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Landscape MagazineLandscape Magazine

Landscape Magazine January - February 2018

LandScape magazine is a breath of fresh air, capturing the very best of every season. Every two months, join us to: - Celebrate the joy of the garden - Learn simple seasonal recipes - Enjoy traditional British crafts - Wonder at the beauty of nature and the countryside The magazine is a haven from the pressures of modern living; a chance to slow down... and most importantly, a reminder of the good things in life. Take time to appreciate everything that nature creates and inspires.

United Kingdom
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£4.02(Incl. tax)
£25(Incl. tax)
7 Issues


access_time1 min.
dear reader...

THE TURN OF the year is always an exciting time. It is impossible not to look forward and wonder what the next 12 months will bring. Here at LandScape, there are exciting developments, as this year the magazine is going monthly. Now there will be 12 opportunities to enjoy our mix of gardening, crafts, cookery, history and heritage. At the same time, the depth of the writing and the quality of photography and design will remain unchanged. We hope you will enjoy being able to read LandScape more frequently. In our busy lives, it can only be good to have a reason to stop and relax, to enjoy the beautiful countryside, rich traditions and heritage of Britain. On a personal level, I have no intention of making any formal new year’s resolutions.…

access_time4 min.
readers’ letters

Added twist to an arrangement I really enjoyed your article on the Sussex florist Georgia Miles and her garden bouquets (Sept/Oct 2017 issue). She particularly favours twisted stems in her floral arrangements, which reminded me of some astrantias growing in my garden. They have to fight among other flowers to be seen, hence their twisted stems, so I have rehomed them in this pot. Barbara Boyd, Lincolnshire Book is brought to life I have been reading Summer in February by Jonathan Smith, chosen by our book club. Imagine my surprise turning the pages of LandScape (Sept/Oct 2017 issue) to find a section devoted to Dedham Vale, which provided the inspiration for the works of artists Alfred Munnings and John Constable. Munnings is one of the central characters in the book, and it was interesting…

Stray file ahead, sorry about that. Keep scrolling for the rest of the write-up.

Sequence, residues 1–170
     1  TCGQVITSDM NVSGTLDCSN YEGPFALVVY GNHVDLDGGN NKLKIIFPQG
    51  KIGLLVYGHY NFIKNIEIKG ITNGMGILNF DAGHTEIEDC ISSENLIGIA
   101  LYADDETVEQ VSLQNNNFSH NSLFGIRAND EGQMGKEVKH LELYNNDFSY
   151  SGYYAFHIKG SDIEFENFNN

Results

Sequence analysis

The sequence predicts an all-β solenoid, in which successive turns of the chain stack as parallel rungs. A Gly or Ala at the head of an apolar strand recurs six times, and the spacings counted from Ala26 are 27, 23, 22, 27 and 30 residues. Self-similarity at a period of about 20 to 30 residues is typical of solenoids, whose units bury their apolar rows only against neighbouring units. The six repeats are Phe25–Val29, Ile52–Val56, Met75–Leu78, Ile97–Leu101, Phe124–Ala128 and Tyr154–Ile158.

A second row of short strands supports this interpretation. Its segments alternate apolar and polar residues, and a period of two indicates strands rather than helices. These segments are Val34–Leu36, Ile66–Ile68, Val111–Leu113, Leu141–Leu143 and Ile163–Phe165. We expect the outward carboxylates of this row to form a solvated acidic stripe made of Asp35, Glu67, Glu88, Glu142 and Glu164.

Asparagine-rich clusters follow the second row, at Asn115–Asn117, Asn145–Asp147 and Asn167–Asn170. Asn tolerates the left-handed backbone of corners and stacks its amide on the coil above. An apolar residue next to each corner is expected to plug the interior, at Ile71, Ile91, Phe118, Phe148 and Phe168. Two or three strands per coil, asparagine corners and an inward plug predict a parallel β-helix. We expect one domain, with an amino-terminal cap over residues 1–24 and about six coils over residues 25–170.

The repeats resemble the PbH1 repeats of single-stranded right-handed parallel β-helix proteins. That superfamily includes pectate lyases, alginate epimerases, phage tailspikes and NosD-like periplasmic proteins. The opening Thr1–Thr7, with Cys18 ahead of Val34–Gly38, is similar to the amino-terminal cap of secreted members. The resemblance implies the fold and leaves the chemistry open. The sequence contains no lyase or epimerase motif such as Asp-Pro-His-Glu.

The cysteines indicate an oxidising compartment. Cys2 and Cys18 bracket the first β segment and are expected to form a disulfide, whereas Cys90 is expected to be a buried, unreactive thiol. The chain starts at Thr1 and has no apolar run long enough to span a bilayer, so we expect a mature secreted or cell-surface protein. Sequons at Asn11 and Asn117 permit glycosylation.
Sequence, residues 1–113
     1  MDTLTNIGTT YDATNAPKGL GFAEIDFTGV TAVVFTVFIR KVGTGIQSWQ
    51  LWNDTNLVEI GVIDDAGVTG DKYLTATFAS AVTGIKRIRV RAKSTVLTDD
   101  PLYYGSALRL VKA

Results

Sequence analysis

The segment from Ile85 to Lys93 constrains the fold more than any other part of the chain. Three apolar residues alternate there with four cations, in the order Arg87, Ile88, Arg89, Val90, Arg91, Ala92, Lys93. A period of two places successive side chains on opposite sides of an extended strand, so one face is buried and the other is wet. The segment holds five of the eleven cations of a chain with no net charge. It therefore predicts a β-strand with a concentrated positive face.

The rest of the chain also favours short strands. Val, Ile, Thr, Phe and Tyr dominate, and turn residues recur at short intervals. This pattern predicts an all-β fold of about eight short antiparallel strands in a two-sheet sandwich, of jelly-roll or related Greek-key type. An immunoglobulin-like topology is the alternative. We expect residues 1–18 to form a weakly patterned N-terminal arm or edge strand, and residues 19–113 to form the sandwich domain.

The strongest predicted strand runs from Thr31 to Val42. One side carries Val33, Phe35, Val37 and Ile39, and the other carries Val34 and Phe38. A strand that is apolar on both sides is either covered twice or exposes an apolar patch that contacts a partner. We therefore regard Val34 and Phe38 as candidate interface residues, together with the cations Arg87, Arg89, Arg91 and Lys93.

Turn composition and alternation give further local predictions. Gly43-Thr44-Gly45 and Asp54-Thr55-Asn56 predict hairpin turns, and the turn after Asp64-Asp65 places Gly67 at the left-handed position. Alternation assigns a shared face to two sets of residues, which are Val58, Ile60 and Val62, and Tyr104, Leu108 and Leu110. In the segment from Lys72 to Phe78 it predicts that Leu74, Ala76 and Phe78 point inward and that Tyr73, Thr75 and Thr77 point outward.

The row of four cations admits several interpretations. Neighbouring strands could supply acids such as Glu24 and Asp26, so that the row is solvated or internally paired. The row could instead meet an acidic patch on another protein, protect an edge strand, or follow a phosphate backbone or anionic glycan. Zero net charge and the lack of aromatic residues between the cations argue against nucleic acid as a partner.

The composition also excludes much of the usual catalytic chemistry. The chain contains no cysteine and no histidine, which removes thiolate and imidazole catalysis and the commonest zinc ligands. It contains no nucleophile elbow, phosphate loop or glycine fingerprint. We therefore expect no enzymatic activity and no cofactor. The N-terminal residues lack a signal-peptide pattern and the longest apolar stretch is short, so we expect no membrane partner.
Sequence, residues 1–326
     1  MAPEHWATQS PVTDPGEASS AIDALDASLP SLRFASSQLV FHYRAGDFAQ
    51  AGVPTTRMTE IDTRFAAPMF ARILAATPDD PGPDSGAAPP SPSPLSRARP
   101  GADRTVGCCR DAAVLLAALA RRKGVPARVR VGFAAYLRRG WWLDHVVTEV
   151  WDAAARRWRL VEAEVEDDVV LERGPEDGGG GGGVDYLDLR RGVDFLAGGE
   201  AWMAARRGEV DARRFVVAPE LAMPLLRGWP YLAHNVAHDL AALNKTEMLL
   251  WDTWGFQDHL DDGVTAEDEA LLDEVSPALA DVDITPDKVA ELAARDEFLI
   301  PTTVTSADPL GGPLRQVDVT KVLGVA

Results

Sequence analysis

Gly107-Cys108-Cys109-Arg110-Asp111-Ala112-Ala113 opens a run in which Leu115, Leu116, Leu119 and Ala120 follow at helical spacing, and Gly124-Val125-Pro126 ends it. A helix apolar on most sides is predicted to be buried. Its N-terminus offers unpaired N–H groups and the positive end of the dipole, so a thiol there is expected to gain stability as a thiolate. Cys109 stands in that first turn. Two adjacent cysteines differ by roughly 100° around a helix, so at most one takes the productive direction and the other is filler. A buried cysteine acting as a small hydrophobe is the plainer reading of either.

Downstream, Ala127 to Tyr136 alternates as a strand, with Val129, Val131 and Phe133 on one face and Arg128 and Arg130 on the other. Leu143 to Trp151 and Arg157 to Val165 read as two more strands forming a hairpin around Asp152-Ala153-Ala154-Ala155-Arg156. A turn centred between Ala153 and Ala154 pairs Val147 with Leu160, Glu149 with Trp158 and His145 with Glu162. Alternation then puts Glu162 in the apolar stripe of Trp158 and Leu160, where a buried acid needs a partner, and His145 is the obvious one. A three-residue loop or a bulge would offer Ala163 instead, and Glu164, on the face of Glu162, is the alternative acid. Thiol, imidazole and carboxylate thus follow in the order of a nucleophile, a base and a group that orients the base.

access_time3 min.
our landscape

SKIPPING ON THE SHORE Shrove Tuesday in Scarborough, North Yorkshire, is celebrated with a unique tradition: skipping. Skipping Day, as it is locally known, is believed to have originated in the early 1900s. Then, servants and workers would enjoy a day of holiday on the beach while the promenade was lined with tradesmen selling toys and games for children and adults alike. Another suggestion is that its origin is tied to the fishing industry. Fishermen would sort their nets on the shore and pass any unsuitable for use to children to play with. People of all ages still gather on the foreshore to skip together after the ringing of the Pancake Bell. In another long-standing tradition, this is rung at noon, signalling the time to start making pancakes. One account of…

access_time9 min.
a hillside romance

ON MISTY WINTER mornings, the valley below Church Farm Cottage is shrouded in a white mantle of cloud, the pale sun watering the sky. Hidden in the mist are lines of hedges, bare trees and the undulating hillside beyond over Blackmoor Vale, south to Blandford in Dorset. This is Hardy country. The neighbouring village of Marnhull, or Marlott as the author re-named it, forms the setting for the opening of Tess of the D’Ubervilles. Thomas Hardy describes the fields down in the valley as, “mere paddocks, so reduced that from this height their hedgerows appear a network of dark green threads overspreading the paler green of the grass”. It was the view of this romantic countryside that enraptured Chris and Annie Stanford 26 years ago, encouraging them to move from a house…

access_time5 min.
flush of rich perfume

ON A FROSTY, sunlit morning in winter, there is a glow in the garden border. Neat clusters of small, trumpet-shaped pink flowers exude a heady, sweet perfume into the still air. This is Viburnum x bodnantense , a tall shrub whose bare, woody stems are covered with sweetly scented blooms. It brings a welcome burst of rich colour to the garden in the coldest months of the year. This lovely shrub may have flowers early to late winter, depending on the temperatures. In a mild winter, flushes of blooms may start in November. If the winter is cold, however, the buds do not develop, and there will be little colour until a mild spell. If the season is particularly cold, all the buds wait until spring to open, giving a contracted…

access_time8 min.
the garden in... january and february

“Your green and pencil’d blossoms, trembling, wave. Ah! ye soft, transient, children of the ground,”Charlotte Smith, ’Snowdrops’ “Fast he stealeth on, though he wears no wings, And a staunch old heart has he. How closely he twineth, how tight he clings, To his friend the huge Oak Tree!”Charles Dickens, ‘The Ivy Green’ AS THE DAYS become slowly lighter, my impatience grows, and I begin to feel cooped up inside. So, coat and boots on, it’s time to take a tour of the garden, greet the first flowers of the new year and appreciate the winter stalwarts. Firstly, it’s down the Himalayas, a long raised border, and, to be honest, a bit of a mixed bag of nationalities. A few scented whiskers of flower have emerged in the low hedge of evergreen Sarcococca…